Date of Defense


Date of Graduation



Speech, Language and Hearing Science

First Advisor

Hope Gerlach

Second Advisor

Laura DeThorne


Purpose: Research has shown that there are benefits associated with verbal disclosure of stuttering. However, most of the existing literature on stuttering disclosure has focused on how it affects listener perceptions of people who stutter, and little is known about speaker-focused outcomes of verbal stuttering disclosure. The purpose of the current study was to investigate who people who stutter verbally disclose to (e.g. friends, co-workers, neighbors) and if relationships between extent of disclosure and distress vary depending on the confidant’s social referent group. The seven social referent groups of focus were family, friends, romantic partners, people in the workplace, healthcare providers, other community members, and neighbors.

Methods: A secondary analysis of data from an online survey with 506 adults who stutter was conducted. In order to be included in the survey, the participants had to be at least 18 years old, living in the United States or Canada, and identify as a person who stutters. The main variables of interest were extent of disclosure to seven social referent groups and psychological distress (which refers to combined symptoms of anxiety and depression). Descriptive statistics and regression were performed to determine the extent that adults who stutter disclose to various social referent groups, as well as whether verbally disclosing to certain social referent groups predicted psychological distress.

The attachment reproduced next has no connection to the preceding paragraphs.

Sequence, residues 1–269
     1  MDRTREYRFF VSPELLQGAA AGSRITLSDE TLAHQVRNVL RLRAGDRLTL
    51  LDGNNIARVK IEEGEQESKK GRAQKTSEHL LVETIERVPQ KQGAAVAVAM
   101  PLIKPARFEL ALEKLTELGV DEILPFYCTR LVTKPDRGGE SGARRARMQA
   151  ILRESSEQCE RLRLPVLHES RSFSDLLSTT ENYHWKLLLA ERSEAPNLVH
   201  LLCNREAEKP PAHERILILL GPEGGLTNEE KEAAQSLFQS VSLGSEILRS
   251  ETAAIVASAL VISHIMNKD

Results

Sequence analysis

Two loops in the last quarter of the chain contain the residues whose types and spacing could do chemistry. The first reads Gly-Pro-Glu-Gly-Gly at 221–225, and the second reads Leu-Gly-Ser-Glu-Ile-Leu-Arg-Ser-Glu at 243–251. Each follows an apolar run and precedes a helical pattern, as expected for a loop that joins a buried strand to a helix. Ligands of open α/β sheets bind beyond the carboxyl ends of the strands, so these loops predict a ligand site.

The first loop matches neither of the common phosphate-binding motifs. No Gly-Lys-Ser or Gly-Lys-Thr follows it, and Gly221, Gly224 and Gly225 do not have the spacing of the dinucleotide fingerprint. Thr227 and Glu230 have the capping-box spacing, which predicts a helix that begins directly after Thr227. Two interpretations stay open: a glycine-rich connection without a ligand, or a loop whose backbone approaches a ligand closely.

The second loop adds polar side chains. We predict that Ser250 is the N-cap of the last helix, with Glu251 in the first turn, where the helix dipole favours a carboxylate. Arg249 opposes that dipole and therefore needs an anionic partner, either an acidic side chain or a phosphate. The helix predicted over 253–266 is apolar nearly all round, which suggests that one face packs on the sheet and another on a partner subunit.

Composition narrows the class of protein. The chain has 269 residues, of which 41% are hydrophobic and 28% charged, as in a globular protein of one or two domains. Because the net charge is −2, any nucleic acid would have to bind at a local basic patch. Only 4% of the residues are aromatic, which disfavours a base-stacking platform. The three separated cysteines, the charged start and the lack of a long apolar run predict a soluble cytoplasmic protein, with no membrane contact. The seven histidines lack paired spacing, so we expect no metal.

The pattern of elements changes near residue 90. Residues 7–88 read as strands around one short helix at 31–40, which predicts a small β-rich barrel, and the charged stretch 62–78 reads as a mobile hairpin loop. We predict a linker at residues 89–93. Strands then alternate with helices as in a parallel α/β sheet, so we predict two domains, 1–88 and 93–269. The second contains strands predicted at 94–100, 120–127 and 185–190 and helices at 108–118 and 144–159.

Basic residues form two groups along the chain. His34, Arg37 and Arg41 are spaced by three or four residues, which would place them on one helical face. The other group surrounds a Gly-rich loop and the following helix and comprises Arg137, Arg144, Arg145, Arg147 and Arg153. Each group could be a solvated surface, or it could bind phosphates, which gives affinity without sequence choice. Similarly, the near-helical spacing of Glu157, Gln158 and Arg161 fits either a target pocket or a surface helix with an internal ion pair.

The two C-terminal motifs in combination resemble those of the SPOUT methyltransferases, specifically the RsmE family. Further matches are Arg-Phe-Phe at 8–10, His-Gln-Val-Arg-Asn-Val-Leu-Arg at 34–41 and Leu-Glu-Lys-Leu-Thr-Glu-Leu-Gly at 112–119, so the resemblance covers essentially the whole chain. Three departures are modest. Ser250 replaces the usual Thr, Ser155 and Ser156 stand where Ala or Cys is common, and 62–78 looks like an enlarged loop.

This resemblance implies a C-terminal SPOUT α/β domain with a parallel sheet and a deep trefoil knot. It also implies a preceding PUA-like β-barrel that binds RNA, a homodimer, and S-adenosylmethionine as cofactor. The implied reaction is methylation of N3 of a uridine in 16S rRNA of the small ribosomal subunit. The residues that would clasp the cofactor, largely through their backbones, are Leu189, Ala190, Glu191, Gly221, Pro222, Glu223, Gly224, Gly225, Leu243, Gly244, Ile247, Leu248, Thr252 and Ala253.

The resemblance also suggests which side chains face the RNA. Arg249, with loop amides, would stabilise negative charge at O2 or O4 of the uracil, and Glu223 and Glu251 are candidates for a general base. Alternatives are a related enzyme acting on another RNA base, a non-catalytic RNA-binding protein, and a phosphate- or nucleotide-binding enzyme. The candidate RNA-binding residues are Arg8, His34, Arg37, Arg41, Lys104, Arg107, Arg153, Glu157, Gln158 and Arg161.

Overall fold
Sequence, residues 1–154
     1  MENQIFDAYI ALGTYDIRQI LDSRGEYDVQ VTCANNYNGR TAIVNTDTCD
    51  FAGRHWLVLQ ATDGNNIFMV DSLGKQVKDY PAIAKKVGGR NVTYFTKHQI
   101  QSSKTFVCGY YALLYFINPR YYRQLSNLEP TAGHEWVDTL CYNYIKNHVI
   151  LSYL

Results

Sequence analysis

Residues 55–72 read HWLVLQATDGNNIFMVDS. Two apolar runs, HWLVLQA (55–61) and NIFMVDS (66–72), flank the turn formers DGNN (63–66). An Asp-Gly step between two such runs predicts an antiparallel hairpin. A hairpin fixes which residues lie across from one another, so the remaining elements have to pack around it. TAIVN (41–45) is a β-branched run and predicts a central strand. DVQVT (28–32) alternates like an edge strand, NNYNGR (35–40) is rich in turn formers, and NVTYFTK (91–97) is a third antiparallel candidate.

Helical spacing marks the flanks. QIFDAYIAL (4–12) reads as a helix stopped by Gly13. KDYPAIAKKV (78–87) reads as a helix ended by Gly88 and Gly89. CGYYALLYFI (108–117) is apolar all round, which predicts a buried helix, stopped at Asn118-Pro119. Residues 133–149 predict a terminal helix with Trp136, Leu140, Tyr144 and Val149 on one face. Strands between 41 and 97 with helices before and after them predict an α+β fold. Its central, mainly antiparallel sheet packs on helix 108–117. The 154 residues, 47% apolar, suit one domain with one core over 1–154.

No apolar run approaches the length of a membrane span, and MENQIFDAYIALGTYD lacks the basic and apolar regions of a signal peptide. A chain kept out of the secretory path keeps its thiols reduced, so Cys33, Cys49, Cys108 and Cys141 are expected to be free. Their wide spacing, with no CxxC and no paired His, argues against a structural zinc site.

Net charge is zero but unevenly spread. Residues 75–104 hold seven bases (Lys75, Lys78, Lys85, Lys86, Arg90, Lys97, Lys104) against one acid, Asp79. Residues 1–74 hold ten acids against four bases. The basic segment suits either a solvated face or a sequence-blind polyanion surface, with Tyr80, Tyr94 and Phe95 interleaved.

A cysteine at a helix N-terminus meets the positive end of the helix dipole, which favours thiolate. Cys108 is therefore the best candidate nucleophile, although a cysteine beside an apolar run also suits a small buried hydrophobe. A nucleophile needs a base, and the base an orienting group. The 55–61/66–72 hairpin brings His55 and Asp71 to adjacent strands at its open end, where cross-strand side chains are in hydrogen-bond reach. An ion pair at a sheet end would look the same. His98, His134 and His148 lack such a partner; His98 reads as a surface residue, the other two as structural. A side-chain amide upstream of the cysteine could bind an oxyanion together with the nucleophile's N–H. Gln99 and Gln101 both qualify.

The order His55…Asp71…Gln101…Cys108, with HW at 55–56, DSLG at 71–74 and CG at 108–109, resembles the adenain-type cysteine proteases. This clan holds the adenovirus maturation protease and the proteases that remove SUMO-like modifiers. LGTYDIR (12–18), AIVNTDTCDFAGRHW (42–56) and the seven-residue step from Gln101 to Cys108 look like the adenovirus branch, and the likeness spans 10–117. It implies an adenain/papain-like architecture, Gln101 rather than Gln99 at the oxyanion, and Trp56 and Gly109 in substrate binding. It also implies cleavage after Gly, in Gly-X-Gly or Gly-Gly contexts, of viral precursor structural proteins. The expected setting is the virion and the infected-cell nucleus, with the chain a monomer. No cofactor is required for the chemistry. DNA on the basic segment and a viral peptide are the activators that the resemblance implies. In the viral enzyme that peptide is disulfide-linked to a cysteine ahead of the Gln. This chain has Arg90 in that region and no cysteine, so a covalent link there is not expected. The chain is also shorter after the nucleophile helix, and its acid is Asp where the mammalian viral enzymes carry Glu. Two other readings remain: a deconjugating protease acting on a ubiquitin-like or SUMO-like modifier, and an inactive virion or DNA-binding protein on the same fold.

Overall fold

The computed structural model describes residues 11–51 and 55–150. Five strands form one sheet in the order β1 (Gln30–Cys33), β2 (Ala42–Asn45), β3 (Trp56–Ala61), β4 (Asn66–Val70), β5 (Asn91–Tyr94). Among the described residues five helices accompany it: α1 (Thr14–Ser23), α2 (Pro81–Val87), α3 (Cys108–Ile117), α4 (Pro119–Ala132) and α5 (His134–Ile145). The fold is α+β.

Results: There were no significant differences in extent of verbal stuttering disclosure to various social referent groups. However, descriptive trends suggest that adults who stutter may be more likely to disclose stuttering within more intimate social relationships (e.g., to friends, family, and romantic partners). Extent of disclosure to romantic partners was the only social referent group that significantly predicted psychological distress, such that adults who stutter who disclosed to more of their romantic partners reported lower levels of distress.

Conclusions: The two main findings from this study provide preliminary evidence for associations between level of intimacy with disclosure confidants, the likelihood of verbal disclosure, and psychological distress. Both speech-language pathologists and people who stutter should be aware that adults who stutter were descriptively more likely to disclose to more intimate social referent groups, and extent of disclosure to one of the most intimate social referent groups (romantic partners) predicted psychological distress. These findings should be considered when recommending disclosure as a therapeutic technique with people who stutter.

Access Setting

Honors Thesis-Open Access

Thesis Presentation.pdf (7261 kB)
Defense Presentation